Two weeks ago, I argued that it was hard to imagine a more compelling case for ousting directors than the one posed by Hewlett-Packard.
It turns out there are many stronger cases — 41.
That’s the number of publicly traded companies where directors actually lost their elections last year, meaning that more than 50 percent of the shareholders withheld their votes of approval. Yet despite these resounding votes of no confidence, they remained in their posts.
At least at H.P., all the directors got a majority of the votes cast, and even then, two resigned and a third gave up his post as chairman. But at Cablevision Systems, the New York cable and media company controlled by the Dolan family, three directors lost shareholder elections twice in the last three years — in 2010 and 2012 — and received only tepid support in 2011. Nonetheless, the three remain on the board.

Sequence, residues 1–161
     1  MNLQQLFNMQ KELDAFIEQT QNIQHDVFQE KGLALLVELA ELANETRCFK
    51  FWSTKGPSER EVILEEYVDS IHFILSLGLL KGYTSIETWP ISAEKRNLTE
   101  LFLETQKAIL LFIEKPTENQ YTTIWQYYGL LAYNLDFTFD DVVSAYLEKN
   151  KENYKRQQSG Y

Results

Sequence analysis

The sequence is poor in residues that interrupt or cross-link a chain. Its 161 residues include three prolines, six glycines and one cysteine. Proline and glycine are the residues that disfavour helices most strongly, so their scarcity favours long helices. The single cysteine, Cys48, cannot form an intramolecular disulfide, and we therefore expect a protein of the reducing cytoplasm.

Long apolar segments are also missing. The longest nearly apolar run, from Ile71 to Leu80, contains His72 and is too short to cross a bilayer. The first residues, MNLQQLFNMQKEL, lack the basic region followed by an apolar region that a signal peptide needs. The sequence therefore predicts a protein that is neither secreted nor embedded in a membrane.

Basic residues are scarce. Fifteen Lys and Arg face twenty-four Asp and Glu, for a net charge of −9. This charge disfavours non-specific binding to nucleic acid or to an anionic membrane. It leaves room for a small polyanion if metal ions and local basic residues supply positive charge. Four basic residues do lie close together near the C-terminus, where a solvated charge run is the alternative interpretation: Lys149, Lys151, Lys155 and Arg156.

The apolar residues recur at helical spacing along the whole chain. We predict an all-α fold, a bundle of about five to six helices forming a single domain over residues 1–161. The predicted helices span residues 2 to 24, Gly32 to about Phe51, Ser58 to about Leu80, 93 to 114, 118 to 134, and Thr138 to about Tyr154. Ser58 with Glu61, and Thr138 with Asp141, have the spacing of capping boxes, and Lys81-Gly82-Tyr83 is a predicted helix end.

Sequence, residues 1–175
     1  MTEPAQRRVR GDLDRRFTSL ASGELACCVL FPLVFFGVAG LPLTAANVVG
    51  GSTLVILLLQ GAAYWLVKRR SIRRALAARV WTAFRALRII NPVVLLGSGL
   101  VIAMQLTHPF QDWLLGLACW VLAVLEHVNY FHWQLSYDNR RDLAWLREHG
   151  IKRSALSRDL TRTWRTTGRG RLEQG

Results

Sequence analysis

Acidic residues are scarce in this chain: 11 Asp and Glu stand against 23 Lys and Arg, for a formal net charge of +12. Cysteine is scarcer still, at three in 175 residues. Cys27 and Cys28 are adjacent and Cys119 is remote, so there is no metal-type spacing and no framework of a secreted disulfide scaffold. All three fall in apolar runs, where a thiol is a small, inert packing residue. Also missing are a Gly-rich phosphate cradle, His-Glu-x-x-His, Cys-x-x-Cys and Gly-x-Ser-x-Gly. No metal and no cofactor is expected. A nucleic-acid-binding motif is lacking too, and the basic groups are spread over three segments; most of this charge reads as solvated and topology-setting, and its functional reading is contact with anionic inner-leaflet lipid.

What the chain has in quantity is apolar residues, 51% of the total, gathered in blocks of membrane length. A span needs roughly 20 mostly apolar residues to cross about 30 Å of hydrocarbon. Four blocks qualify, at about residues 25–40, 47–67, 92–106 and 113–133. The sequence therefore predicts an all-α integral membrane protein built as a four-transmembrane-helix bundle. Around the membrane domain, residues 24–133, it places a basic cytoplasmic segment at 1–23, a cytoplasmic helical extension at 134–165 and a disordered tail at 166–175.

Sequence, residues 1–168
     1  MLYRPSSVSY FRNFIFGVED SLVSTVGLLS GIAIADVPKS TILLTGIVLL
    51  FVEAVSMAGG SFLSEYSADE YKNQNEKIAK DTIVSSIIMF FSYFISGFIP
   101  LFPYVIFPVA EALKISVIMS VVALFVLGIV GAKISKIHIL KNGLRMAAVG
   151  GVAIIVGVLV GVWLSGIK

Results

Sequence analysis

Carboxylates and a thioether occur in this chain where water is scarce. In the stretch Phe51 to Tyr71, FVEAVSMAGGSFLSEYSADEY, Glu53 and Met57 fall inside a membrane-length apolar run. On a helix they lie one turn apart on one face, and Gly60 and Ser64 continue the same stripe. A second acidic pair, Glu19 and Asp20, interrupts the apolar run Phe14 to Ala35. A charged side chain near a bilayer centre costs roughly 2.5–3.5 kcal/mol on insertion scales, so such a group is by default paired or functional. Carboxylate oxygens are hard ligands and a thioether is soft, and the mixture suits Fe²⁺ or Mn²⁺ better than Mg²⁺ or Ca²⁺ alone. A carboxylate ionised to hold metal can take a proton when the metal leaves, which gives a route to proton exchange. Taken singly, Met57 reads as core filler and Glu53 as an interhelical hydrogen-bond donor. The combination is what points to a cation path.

“As fiduciaries, we can’t sit by and let the board make a mockery of our fundamental right to elect directors,” said New York City’s comptroller, John Liu, who oversees the city’s pension funds, which own more than 532,000 Cablevision shares. “Share owners need accountable directors who will ensure the company isn’t being run for the benefit of insiders at our expense.”